Taipei – Private equity firm KKR & Co. Inc. has taken LCY Chemical Corp. private in a stock exchange and purchase deal that values the Taiwanese polymer producer at $1.56 billion (€1.37 billion).
With the transaction, Taipei-based LCY has been delisted from the Taiwanese Stock Exchange, the company announced.
On 24 Jan, LCY was also dropped from the S&P Global Broad Market Index.
In July 2018, a consortium led by New York-based KKR agreed to acquire all of LCY's shares for $1.82 per share in cash.
The consortium includes descendants of company founder Lee Kuan-Chih, a company spokeswoman said.
LCY will keep its corporate HQ in Taipei, its ISO-14001-certified production plants in Taiwan, China, and the US and its current worldwide distribution and sales networks.
LCY acquired LCY Elastomers LP in Baytown, Texas, in 2004. It also is partial owner of a plant in Qatar that produces methanol and methyl tertiary-butyl ether.
KKR, which is looking for investment opportunities in Asia, made its investment from its Asian Fund III.
"KKR has a demonstrated track record of supporting the growth and success of companies globally,” said LCY chairman T.H. Hong.
“We want to leverage their expertise to accelerate our strategy and enable us to better anticipate and meet the evolving needs of our customers in Taiwan and worldwide," added Hong.
Founded in 1965, LCY makes polypropylene, composites, thermoplastic elastomer and rubber materials, as well as methanol, solvents and electronics-grade chemicals.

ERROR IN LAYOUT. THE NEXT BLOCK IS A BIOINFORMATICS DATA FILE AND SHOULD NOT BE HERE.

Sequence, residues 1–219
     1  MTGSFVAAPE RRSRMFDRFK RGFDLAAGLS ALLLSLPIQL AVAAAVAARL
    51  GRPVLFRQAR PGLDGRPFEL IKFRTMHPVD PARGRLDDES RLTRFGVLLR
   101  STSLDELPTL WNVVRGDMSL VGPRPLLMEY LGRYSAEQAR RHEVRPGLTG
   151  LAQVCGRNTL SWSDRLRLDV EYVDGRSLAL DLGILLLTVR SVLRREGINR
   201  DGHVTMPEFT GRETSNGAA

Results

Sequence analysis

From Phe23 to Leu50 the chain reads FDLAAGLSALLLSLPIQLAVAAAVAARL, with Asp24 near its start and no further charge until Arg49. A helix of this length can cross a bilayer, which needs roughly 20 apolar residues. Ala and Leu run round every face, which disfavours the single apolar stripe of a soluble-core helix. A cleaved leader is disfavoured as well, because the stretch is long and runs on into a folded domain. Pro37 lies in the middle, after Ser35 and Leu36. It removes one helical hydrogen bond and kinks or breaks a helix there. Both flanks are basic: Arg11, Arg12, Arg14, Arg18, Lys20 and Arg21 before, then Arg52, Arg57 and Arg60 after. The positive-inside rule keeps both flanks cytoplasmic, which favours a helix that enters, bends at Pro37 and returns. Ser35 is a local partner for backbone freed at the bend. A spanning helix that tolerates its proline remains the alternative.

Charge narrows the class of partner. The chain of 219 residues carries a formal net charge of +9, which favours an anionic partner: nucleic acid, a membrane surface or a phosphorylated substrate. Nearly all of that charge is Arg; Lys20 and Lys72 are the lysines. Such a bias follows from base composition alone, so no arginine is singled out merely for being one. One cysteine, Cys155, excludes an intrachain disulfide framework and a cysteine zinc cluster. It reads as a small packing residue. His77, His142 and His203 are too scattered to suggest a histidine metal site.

For third quarter 2018, ending 30 Sept, LCY posted sales of $435 million, up from $383 million in the year-before period.
Net profit dipped to $7.9 million from about $34.8 million in the third quarter of 2017.
KKR estimates that prior to the July deal, LCY shares were trading about seven times 2017 earnings before interest, taxes, depreciation and amortisation.
This compared to more than 10 times for shares at other global petrochemical companies. LCY's share price has languished since then.
Then-chairman Bowei Lee "solemnly apologised to society" after a 2014 propylene line explosion in Kaohsiung, Taiwan, killed 32 people and injured more than 300.
In April 2018, Lee was among 12 city officials and company managers sentenced to jail time for the explosion.
Also back in 2014, Kraton Performance Polymers withdrew from a near-finalised deal to merge with LCY’s styrenic block copolymer (SBC) operations.
European Rubber Journal has edited and added to this Plastics News report